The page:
Kaitlin Parker, Customer Service Librarian, Children & Youth Services, and Michael de Leur, local Branch Manager of the Port Alberni branch of the Vancouver Island Regional Library. ORLANDO DELANO PHOTO

Kaitlin Parker, Customer Service Librarian, Children & Youth Services, and Michael de Leur, local Branch Manager of the Port Alberni branch of the Vancouver Island Regional Library. ORLANDO DELANO PHOTO

Alberni’s library has many services for senior patrons

October is Library Month at the Vancouver Island Regional Library


Special to the News

The Port Alberni Public Library, a member of the Vancouver Island Regional Library System, was opened in Port Alberni in 1936 and, according to its history, it first operated in the back of McVicar’s Drug Store on Third Avenue, where store employees acted as library attendants.

In 1972, the library moved to the Echo Centre and in 2007 it underwent a major refurbishment and expansion.

The local branch, now under the management of Michael de Leur, provides a variety of services to our community, including accessible support for seniors (starting with a building that counts on wheelchair access), public computers, public WiFi, and more than 35,000 reading items. De Leur is also responsible for the library operation in Tofino and Ucluelet and the Bamfield Book Deposit.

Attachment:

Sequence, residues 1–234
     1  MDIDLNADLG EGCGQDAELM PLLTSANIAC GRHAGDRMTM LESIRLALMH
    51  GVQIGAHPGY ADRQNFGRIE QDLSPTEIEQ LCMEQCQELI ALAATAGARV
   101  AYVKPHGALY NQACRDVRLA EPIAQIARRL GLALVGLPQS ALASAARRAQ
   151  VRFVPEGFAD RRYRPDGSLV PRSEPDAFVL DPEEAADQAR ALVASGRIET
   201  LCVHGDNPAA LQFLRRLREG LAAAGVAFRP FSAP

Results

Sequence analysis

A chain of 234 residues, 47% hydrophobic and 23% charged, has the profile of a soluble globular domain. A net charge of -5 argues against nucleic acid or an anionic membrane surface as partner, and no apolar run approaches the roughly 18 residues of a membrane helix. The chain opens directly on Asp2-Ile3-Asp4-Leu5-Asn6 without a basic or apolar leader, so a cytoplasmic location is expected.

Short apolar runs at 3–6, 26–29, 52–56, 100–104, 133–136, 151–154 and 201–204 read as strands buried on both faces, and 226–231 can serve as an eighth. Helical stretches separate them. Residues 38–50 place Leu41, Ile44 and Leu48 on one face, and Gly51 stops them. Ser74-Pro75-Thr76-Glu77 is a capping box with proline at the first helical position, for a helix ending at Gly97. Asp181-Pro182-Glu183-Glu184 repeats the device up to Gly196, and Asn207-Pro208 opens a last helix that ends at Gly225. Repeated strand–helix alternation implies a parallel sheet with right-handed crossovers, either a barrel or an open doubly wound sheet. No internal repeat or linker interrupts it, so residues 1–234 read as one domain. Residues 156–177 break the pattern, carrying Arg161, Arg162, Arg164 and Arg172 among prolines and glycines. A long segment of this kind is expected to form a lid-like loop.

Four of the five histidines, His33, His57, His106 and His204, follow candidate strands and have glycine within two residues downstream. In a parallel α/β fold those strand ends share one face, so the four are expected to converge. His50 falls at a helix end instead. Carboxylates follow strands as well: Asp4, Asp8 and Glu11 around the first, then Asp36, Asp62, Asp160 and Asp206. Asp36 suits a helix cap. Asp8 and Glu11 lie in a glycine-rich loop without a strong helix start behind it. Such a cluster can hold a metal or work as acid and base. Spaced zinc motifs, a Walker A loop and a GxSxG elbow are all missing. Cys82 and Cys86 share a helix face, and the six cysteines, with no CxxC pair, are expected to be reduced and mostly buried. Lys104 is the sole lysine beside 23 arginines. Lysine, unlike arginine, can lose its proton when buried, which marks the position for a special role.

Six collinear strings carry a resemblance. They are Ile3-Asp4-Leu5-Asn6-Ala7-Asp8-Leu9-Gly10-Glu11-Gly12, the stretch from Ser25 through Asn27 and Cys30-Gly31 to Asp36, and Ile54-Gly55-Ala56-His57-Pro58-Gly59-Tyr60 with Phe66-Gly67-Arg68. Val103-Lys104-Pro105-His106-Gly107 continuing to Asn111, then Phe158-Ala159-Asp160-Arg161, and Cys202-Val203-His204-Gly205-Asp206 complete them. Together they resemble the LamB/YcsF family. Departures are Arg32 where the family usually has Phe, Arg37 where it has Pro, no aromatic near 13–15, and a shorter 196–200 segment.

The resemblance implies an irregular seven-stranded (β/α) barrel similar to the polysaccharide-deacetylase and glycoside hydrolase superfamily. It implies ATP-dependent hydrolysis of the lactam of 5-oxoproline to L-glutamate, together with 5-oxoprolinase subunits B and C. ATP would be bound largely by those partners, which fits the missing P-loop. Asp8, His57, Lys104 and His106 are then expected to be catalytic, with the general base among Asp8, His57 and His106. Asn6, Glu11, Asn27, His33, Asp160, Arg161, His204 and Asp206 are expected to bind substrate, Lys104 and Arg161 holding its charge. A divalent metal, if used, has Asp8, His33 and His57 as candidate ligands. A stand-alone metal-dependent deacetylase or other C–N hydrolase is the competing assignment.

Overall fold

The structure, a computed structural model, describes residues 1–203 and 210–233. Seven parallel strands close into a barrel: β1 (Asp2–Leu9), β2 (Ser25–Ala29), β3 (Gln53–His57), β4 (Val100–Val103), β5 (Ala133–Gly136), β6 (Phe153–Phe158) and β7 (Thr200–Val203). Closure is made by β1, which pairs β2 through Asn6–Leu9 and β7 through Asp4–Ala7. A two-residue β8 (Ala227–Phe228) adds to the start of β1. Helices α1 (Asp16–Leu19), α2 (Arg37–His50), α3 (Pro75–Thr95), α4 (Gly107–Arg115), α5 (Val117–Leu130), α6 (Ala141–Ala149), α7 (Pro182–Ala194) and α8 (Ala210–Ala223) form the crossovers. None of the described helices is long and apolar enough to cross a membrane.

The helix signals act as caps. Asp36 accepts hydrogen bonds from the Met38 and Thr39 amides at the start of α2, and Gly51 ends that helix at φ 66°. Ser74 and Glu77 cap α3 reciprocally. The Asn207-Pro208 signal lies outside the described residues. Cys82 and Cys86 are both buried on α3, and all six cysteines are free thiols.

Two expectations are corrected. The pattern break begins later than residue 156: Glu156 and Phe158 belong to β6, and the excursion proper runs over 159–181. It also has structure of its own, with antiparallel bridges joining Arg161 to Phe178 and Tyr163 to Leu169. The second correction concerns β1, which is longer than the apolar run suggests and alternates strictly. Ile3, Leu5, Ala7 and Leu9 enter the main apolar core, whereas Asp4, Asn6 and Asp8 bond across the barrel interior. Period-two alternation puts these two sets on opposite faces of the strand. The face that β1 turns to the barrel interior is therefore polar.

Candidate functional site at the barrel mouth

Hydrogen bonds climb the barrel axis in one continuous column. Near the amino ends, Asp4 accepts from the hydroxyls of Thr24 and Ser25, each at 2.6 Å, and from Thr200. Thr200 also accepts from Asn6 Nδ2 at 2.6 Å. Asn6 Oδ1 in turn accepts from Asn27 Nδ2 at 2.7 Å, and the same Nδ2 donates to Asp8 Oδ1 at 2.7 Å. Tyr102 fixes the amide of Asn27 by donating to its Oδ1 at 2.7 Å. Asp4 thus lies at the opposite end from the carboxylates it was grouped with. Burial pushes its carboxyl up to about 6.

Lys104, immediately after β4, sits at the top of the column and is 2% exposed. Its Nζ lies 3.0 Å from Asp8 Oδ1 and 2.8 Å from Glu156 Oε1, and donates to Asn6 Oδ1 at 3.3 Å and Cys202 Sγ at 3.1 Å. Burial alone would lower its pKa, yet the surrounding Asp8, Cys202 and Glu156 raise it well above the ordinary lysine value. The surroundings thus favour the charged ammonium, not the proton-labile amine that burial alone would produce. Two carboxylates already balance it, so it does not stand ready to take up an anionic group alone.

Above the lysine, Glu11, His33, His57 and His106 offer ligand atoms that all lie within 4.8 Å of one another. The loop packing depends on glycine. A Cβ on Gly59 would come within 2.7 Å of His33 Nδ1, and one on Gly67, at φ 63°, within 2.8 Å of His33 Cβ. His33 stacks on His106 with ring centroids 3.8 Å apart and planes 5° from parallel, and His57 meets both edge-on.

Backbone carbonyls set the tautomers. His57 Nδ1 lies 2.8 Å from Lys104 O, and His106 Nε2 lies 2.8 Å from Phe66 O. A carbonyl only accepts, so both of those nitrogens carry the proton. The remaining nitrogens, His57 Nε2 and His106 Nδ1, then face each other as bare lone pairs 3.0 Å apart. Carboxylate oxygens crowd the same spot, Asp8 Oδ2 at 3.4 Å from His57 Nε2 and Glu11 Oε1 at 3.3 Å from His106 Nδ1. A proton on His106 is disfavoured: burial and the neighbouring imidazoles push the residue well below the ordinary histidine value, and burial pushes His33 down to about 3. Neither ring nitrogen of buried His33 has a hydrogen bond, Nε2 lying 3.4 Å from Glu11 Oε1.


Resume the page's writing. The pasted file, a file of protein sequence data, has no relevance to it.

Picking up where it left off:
“Among the branch services for seniors, we have books with a larger font size available in fiction and non-fiction titles such as mysteries, romances, thrillers, cookbooks, biographies and much more,” says Kaitlin Parker, Customer Service Librarian, Children & Youth Services for Port Alberni, Tofino and Ucluelet.

Alternatively, listen to books by authors like Debbie Macomber and James Patterson with the library’s collection of audio-book CDs.

“Titles not found in the Port Alberni branch can be requested in from the other 39 branches across Vancouver Island for easy pick up and have a loan period of three weeks,” she adds.

And for those with print disabilities, they can be registered as a Talking Book patron with the library, which gives them access to the Talking Books, Daisy CD, Braille and Centre for Equitable Access (CELA) collections. CELA provides those with print disabilities access to audiobooks, braille and accessible ebooks, with the option to download titles digitally or to receive them by mail.

Other services include lendable e-readers, available to download books from the Library website and transfer them onto a device. “Overdrive and Libby” are two digital services available to provide mobile access to e-books and e-audiobooks on phones, tablets, laptops and newer models of Kobo e-readers. These items, like print books, can be borrowed for three weeks.

In addition, our local Library offers programs for the young and old. Seniors, for example, can take part in the “Saturday Stitchers” group for those interested in knitting, crocheting, embroidering, cross-stitching or beading. The group meets every Saturday from 1-3 p.m. No skill levels are required to join.

The library also offers a monthly adult book club where members can read and discuss a new fiction or non-fiction title together.

“Book a Librarian” is another service by this organization. It aims to assist individuals with the use of devices such as tablets, e-readers, laptops and phones. Once requested, a librarian will meet one-on-one to assist and answer with questions regarding their devices.

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